Drake: Do ghostwriters damage Drake’s legacy as a hip-hop GOAT?

Drake has been a non-stop hitmaker in hip-hop, but does the presence of  ghostwriters in his camp dilute his legacy as a GOAT?

When Meek Mill “exposed” Drake for using Quentin Miller as a ghostwriter, a large sector of his fans was not surprised. There were a few punchlines that swarmed the internet for a moment, but with an intervention from another Drake hit, the mumblings grew silent and Drake was once again lauded for his propensity to drop hits, no matter the swing – be it from Pusha T or Meek Mill.

At the end of it all, though, where will Drake sit in the timeless hip-hop GOAT conversation? Drawing a commercial-size audience is one thing, but does the presence of ghostwriters demote Aubrey Graham’s legacy among the greatest lyricists the game has seen?

That depends on who you ask. The criteria for GOAT status in music, hip-hop specifically, changes with the generation. There are far less hip-hop purists setting forth verdicts about the matter. Just check the landscape of the industry. Artists like Migos and Lil Yachty are two of the most popular acts of this time in hip-hop, but at the beginning of their careers, both were scolded for the lack of acknowledgement they showed for the history of the art form and the lack of lyricism either of the four brought to the table.

LAS VEGAS, NV – MAY 21: Rapper Drake poses in the press room with his awards for Top Artist, Top Male Artist, Top Billboard 200 Artist, Top Billboard 200 Album for ‘Views,’ Top Hot 100 Artist, Top Song Sales Artist, Top Streaming Artist, Top Streaming Song (Audio) for ‘One Dance,’ Top R&B Song for ‘One Dance,’ Top R&B Collaboration for ‘One Dance,’ Top Rap Artist, Top Rap Album for ‘Views,’ and Top Rap Tour during the 2017 Billboard Music Awards at T-Mobile Arena on May 21, 2017 in Las Vegas, Nevada. (Photo by David Becker/Getty Images)

These young men were crowned “mumble rappers”, a style that hip-hop purists frowned upon because it removed the importance of the words and the story of the music. This, in turn, placed the audience’s attention squarely on production and how to most productively ride the beat. Although Drake has never been placed in this spectrum of artistry, the idea of the ghostwriter trivializes those very principles hip-hop purists stand upon.

The lyrics are the bread and butter of a song, or at least that has been the case in the past. Newer-age hip-hop fans are less considered with the notion of lyrical greatness or excellence and the criteria for what constitutes a solid lyrical performance has shifted. Drake’s ability to exude a raw honesty and emotion in his music made him popular in hindsight, but his ability to be open about the presence of the assistance on his records has also taken weight off his shoulders.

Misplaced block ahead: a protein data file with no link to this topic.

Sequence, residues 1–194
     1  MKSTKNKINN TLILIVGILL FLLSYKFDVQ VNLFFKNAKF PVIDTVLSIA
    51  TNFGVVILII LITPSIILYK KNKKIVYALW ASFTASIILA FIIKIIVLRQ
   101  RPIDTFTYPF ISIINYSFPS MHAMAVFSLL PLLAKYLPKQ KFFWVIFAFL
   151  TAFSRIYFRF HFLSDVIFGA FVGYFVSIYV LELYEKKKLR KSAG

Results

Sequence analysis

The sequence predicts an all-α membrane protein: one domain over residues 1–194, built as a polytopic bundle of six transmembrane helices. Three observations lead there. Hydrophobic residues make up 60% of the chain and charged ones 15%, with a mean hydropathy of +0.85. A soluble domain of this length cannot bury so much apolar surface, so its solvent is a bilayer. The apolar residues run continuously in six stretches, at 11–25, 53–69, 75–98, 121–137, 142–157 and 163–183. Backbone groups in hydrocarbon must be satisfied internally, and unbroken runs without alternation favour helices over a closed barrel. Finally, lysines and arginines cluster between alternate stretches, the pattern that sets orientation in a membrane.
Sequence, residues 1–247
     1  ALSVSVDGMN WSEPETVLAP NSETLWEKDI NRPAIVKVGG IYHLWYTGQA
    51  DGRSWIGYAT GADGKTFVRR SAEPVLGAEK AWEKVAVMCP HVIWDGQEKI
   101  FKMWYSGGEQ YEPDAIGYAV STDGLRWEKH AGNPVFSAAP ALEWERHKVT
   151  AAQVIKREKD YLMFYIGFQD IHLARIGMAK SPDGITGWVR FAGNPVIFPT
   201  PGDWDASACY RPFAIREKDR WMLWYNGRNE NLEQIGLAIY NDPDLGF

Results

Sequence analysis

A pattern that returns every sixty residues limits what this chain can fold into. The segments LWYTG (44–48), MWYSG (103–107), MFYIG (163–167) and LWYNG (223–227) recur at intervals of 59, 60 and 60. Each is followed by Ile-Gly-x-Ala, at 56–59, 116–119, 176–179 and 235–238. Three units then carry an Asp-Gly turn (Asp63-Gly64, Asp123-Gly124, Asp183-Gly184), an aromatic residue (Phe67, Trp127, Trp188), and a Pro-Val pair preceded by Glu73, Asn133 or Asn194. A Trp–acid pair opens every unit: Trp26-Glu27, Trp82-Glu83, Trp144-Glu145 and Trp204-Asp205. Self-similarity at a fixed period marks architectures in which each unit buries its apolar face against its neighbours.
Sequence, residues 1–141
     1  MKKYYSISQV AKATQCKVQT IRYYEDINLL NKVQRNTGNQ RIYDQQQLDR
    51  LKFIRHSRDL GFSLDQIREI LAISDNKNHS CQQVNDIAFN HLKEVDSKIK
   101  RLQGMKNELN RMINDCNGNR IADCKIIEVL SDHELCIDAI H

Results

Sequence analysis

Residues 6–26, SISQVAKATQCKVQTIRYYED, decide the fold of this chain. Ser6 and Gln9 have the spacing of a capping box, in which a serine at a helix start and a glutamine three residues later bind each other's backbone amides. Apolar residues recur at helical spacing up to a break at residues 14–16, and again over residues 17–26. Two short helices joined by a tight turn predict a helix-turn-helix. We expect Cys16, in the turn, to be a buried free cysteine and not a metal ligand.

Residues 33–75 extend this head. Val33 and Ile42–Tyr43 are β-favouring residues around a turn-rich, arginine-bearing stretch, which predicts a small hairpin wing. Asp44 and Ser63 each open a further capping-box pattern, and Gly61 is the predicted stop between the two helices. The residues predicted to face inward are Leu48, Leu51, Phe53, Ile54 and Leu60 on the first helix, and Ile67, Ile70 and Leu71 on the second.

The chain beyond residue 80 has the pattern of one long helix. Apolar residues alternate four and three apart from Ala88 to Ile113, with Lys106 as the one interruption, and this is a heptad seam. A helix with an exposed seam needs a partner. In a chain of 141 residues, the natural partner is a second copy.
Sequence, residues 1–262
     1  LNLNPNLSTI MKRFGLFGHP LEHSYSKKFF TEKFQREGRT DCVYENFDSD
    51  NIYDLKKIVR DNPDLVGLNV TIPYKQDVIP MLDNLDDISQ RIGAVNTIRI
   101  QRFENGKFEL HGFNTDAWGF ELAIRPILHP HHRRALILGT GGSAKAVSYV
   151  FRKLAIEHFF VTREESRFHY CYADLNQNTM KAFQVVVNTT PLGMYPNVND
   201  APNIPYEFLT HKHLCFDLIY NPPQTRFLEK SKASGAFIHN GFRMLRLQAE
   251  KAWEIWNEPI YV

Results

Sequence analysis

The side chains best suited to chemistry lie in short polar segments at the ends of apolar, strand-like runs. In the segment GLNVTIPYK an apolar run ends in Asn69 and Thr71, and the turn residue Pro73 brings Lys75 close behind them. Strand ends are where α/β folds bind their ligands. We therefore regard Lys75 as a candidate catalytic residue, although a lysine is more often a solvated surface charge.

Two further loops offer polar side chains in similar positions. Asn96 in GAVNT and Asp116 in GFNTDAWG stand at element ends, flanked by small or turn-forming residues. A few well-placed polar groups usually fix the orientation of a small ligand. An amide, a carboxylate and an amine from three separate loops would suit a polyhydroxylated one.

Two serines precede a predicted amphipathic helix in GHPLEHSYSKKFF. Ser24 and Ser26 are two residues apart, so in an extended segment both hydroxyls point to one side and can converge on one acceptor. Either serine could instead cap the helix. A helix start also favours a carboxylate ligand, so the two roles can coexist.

It’s almost as if Drake’s willingness to allow a peek behind the curtain at his writing team has allowed other artists to feel more comfortable admitting to the fact. Ghostwriters are no longer taboo in hip-hop, but are presently cast as necessary evils to build a successful and charting track.

Meek Mill’s claims of how non-instrumental Drake is in his songs were met with a shrug of shoulders because it was information the Canadian-bred rapper already presented to the public. Q. Miller was properly credited for his contributions to Drake’s album and so were many other composers, producers and writers. The flaw was turned into a standard characteristic of his music.

The Toronto superstar’s lack of public shame diluted the message, because you can’t expose someone who is not embarrassed of the facts, or at least doesn’t show it.

What keeps Drake’s legacy out of harm’s way? It’s the hits, of course. In October of 2018, Drake broke the Beatles’ record for the most top-10 singles on the Hot 100 chart in a year with his feature in “MIA” which is performed by Puerto Rican mc, Bad Bunny. Since the release of So Far Gone in 2009, which peaked at No. 6 on the Billboard 200, Drake has produced a solid cycle of hits in both the hip-hop and pop scopes of music.

Take Care, released two years later in 2011, churned out hitters like “Headlines”, “The Motto” and “Crew Love”, which gave us our first love affair with The Weeknd. From Nothing was the Same to a joint album with Future, titled What A Time to Be Alive and his 2017 released More Life, Drake’s continuously chucking out bangers.

He has ensured his relevance in a way that rivals the idea that the presence of words that came from someone else’s mind is the last thing his fans are thinking about when they’re moving and grooving to one of his tracks.

The sole trait of Drake’s career that could stand in the way of Hip-Hop GOAT status is his proclivity to stray from the genre, or at least the appearance of it. There is a bias in what category Drake sits in as an artist. There is a faction of hip-hop fans who label the rapper a pop act. Songs like “One Dance” and “Hotline Bling” add to this assertion. That’s where the culture shift is most effective.

Many hip-hop artists, in order to chase the bag and grow their central audience, have dabbled in the pop arena or at least with pop stars. It’s the norm and the intersection of the genres has become more prevalent in recent times. Drake benefits from being able to drop a song considered pop and rotate back to his roots in hip-hop with features like on Blocboy JB’s “Look Alive” or more recently his collaborative effort with Rick Ross on “Money in the Grave”.

Drake is one of the most visible artists of the generation and admitting that he has help to script his hits has yet to knock him off that pedestal. After more charted tracks and more time has passed, his stance will only grow stronger and his placement among the GOATs of hip-hop will be sculpted.

Think about it like this: if Wheelchair Jimmy can break into the hip-hop industry in the first place, what is going to stop him here?